Oxford, one of the world’s most famous university cities, is on top of the list when visiting England for its beauty and history. Oxford holds a special place in my heart — it’s where my husband and many of our friends went to university. In addition to exploring the many famous attractions Oxford has to offer, e.g. one of the colleges such as Christ Church, the Radcliffe Camera, the Bodleian Library and the Bridge of Sighs to name a few, slow down and indulge in an afternoon tea. After all, what would be more British than having afternoon tea in this privileged city!? Yes, there are quite a few tea houses and lovely cafés serving traditional afternoon teas; but in my heart one place stands out above the rest — The Old Parsonage.
Why does the Old Parsonage have my vote? In short, it’s one place that caters for all needs. You have a choice to take afternoon tea in its elegantly designed and stylishly decorated hotel restaurant, which is perfect on a colder and gloomier British winter day, or enjoy it al fresco on their beautiful and relaxing walled terrace when the sun is out. In addition, my usual fear for afternoon teas is the whole affair being too focused on the sweet side — I’ve been fortunate enough to take teas at many top-end London hotels, and unfortunately this has indeed been the case for some of them. However, the ‘Very High Tea’ served at the Old Parsonage is very balanced; savoury and sweet, I can finish it all. And if you really don’t have a sweet tooth, then they also offer an all-savoury option, the ‘Very Savoury Tea’. And of course, if you are in the mood to celebrate with an elegant glass of bubbly or two, you also have the choices of a Champagne Afternoon Tea or the ‘Celebration Tea’ for two.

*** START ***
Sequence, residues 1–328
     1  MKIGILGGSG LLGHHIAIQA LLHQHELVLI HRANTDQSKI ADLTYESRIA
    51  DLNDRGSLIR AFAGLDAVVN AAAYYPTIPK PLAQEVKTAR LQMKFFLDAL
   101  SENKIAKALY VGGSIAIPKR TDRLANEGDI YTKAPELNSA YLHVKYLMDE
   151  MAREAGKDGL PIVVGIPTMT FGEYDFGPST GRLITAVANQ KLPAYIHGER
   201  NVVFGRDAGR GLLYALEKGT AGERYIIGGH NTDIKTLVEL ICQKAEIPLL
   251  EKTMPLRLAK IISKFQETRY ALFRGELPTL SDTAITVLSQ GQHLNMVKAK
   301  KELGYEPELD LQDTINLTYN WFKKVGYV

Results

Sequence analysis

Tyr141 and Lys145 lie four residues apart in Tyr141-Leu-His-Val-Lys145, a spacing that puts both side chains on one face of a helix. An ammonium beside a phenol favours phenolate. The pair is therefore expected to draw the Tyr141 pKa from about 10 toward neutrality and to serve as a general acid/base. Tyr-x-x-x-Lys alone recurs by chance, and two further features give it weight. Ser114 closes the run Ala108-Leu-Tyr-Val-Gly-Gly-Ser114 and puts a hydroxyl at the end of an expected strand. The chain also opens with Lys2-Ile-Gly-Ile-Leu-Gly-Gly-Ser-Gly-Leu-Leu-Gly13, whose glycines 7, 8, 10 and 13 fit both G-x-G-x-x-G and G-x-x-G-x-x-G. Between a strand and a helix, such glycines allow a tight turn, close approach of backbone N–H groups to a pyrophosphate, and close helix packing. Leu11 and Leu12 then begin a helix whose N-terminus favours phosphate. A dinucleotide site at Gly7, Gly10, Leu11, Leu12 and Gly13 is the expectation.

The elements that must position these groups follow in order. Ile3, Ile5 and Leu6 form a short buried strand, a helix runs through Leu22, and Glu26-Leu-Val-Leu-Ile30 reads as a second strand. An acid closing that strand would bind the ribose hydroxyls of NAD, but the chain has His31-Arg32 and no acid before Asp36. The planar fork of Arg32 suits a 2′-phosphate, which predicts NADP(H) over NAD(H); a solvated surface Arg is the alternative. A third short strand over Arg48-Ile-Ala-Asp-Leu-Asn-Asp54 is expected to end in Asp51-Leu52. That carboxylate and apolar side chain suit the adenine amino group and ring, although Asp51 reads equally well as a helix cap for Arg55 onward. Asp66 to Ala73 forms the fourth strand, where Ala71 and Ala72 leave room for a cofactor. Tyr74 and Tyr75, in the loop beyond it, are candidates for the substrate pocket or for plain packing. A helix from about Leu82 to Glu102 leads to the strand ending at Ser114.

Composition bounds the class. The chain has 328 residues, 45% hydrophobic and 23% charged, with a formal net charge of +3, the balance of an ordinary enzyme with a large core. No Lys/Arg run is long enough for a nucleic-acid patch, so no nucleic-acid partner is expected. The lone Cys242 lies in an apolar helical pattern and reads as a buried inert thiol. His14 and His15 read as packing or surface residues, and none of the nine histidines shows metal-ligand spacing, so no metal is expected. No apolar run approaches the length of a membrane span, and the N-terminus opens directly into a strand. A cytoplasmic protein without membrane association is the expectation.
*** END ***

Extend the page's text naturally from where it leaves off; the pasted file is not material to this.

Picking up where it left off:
On this trip, we took my parents as a treat, and we all decided to go for the classic option, the Very High Tea, which consists of three tiers of delicious treats:
- The bottom tier contains various finger sandwiches; cucumber, ham & mustard, egg & cress, smoked salmon and crayfish
- A middle tier with buttery scones; with or without raisins, served with clotted cream and (straberry or raspberry) jam
- The top tier holds a selection of cakes and pastries
There is a good assortment of teas that you can choose from. I went for the hotel’s own blend, Old Parsonage Afternoon Tea, which is a very strong heady tea to counterbalance the richness of the cakes. However, you also have the option of a non-caffeinated infusion, or opting for a coffee of your choice instead, if preferred.
As you would expect from a traditional afternoon tea, all the finger sandwiches are classic flavour combinations, and are freshly made. Their crayfish sandwich has a generous squeeze of lemon juice and chopped fresh dill; it’s nicely zingy, and is my personal favourite out of the five.
In addition to their buttery scones, their cakes are great. I particularly enjoyed the apricot and cream that is sandwiched between really good choux pastry, which is so unbelievably buttery and delicious, and at the same time being rather delicate — it tasted like a light and fluffy version of a mini donut that melts in your mouth. It looked so alluring and tasted unbelievably great I wolfed it down and forgot to take a photo of the pastry itself!
Bakewell cake is my husband’s childhood favourite, being one of the first bakes he ever made together with his mother. This one tops all bakewell cakes and tarts that I have ever tasted (even the ones he makes, which he is not pleased to hear). A great almond biscuit base similar to a well made cheesecake base, topped with a thin layer of cherry jam, then on top of that you get a sweet fluffy Victoria sponge cake packed with ground almond, and finished with a delicious crust of shaved almonds.
I can’t remember the last time I had a rocky road; probably when I was given a box from Marks & Spencer by a friend at one of our parties. And of course unlike the shop-bought types, this one is rich and moist, and the chocolate spread is very soft.
The lemon drizzle cake is also great; zesty and extremely light, yet rather sweet. The sweetness is nicely balanced with slightly soured cream, and topped with blackcurrant jelly.
Last and not least, you have a lovely little macaroon. Well, who doesn’t like a macaroon?!
Cost: £25 per person / £32 with a glass of champagne.
Address: 1 Banbury Rd, Oxford OX2 6NN
Phone: 01865 310 210